The sponsor of a recently passed Utah resolution declaring that “pornography is creating a public health crisis” appeared on the Family Research Council’s “Washington Watch” program yesterday to defend the measure, which the governor signed on Tuesday, and allege that the availability of pornography is violating his “First Amendment right to not view it.”
State Sen. Todd Weiler, a Republican, urged libraries and McDonalds restaurants with WiFi to block pornography websites, claiming that he has heard anecdotally that children go to McDonalds to view pornographic websites: “I said to McDonalds, ‘You’re a family restaurant and you market to children, why would you want to be a purveyor of pornography?’”
“You know, the librarians will put their hands over their hearts and talk about the First Amendment and yet if these libraries and these McDonalds were giving cigarettes to our children, we’d all be up in arms, we’d be picketing them,” he said. “But somehow it’s okay if they deliver pornography to them.”
Tony Perkins, the president of the Family Research Council and the host of the program, compared the availability of pornographic websites at such locations to “second-hand smoke,” saying that children and families can end up watching porn from other people’s computers and “the public has a right not to be confronted with this.”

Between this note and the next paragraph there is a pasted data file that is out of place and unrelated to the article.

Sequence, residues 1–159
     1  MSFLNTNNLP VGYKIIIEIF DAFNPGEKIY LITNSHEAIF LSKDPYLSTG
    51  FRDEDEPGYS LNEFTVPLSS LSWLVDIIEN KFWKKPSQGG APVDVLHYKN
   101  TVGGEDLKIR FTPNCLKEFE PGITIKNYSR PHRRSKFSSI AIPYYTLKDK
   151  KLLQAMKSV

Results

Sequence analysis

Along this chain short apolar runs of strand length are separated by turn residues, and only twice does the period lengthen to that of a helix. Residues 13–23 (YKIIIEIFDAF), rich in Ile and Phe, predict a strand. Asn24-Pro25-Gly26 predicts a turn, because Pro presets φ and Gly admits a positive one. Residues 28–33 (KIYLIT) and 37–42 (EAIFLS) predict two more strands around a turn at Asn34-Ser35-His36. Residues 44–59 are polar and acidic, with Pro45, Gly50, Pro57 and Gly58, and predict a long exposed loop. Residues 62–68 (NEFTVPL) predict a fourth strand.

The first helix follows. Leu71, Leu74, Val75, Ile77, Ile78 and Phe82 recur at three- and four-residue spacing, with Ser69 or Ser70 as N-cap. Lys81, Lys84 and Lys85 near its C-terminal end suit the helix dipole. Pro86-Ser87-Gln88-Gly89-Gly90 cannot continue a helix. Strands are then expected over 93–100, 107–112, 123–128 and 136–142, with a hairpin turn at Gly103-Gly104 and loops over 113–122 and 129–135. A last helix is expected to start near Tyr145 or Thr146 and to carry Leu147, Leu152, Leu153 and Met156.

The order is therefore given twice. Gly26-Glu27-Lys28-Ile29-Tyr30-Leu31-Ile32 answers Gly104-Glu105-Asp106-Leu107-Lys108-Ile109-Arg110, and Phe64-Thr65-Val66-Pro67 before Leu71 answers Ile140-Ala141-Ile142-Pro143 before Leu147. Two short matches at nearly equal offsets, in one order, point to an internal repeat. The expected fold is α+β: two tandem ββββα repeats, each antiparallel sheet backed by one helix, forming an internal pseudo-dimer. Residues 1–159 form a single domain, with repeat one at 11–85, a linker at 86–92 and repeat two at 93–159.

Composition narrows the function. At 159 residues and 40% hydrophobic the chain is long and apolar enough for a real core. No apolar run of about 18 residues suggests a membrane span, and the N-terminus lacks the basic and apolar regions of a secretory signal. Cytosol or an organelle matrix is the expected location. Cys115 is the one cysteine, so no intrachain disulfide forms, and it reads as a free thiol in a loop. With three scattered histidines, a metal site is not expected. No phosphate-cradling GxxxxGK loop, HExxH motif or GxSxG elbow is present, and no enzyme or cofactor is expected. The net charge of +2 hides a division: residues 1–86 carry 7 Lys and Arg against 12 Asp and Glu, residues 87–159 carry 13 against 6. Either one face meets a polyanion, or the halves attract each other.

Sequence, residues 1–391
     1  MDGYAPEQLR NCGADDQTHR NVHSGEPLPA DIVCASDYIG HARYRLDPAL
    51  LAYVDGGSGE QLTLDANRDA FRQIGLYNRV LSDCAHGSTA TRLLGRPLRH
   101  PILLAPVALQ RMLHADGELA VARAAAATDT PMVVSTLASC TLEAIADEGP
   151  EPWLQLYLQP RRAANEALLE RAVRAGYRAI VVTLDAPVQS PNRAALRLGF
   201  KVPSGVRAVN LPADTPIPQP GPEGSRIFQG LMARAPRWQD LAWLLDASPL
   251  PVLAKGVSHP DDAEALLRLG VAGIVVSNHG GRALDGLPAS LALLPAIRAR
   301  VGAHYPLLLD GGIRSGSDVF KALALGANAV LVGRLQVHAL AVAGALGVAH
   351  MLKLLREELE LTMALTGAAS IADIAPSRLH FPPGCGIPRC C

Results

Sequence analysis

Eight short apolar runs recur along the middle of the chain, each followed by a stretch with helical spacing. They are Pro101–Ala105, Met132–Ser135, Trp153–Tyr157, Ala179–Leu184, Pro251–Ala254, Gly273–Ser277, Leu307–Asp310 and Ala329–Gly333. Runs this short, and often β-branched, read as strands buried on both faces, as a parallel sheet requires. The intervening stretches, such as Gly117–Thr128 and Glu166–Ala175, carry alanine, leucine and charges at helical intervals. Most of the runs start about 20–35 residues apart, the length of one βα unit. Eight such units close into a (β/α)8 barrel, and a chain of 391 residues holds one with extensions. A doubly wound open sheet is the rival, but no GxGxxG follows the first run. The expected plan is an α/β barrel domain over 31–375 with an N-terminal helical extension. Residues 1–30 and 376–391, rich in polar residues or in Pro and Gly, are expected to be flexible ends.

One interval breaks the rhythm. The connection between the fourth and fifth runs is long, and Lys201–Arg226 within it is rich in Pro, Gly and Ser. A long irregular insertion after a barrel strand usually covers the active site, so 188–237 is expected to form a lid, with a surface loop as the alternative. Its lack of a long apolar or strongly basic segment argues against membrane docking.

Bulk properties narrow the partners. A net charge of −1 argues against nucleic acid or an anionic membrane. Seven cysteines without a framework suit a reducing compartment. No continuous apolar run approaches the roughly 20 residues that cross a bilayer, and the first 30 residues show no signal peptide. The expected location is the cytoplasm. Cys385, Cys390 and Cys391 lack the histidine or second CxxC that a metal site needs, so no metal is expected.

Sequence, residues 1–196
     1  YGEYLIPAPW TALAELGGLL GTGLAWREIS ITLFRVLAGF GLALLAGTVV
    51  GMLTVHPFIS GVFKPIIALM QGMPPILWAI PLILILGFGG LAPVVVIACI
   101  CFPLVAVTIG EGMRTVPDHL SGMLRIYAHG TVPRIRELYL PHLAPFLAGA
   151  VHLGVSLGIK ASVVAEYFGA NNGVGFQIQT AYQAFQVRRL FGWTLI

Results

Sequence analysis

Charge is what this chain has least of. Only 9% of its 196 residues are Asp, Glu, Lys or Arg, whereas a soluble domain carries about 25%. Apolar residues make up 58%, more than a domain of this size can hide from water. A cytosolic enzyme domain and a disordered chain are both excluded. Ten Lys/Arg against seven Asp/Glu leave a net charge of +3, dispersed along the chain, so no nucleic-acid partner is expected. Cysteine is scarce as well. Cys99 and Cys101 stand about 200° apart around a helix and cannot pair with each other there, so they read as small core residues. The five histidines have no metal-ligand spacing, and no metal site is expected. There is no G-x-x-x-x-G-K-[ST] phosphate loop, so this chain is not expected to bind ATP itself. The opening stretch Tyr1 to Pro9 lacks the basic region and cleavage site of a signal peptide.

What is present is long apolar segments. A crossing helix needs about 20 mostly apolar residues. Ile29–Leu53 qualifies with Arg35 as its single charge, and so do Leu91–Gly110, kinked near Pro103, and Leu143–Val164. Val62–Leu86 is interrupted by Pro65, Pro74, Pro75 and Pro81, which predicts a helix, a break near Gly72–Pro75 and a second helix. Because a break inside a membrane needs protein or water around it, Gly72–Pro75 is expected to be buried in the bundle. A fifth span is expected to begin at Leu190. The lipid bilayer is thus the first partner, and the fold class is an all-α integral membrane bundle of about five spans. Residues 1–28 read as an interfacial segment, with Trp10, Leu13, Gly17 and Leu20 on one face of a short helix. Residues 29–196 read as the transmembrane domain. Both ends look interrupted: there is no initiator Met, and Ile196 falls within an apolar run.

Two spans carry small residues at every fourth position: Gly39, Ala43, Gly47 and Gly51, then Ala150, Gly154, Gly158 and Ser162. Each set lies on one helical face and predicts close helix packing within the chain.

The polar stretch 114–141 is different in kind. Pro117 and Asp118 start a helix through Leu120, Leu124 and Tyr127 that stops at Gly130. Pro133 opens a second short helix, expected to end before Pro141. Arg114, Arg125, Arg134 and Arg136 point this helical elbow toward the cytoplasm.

“That’s what I think is often lost in the First Amendment discussion,” Weiler said, “because someone may have the First Amendment right, according to the U.S. Supreme Court, to view pornography, but what about my First Amendment right to not view it?”
Weiler went on to hail British Prime Minister David Cameron for his government-led push to block pornographic websites in the U.K., mentioning that he asked Sen. Orrin Hatch, R-Utah, to introduce a similar plan in the U.S.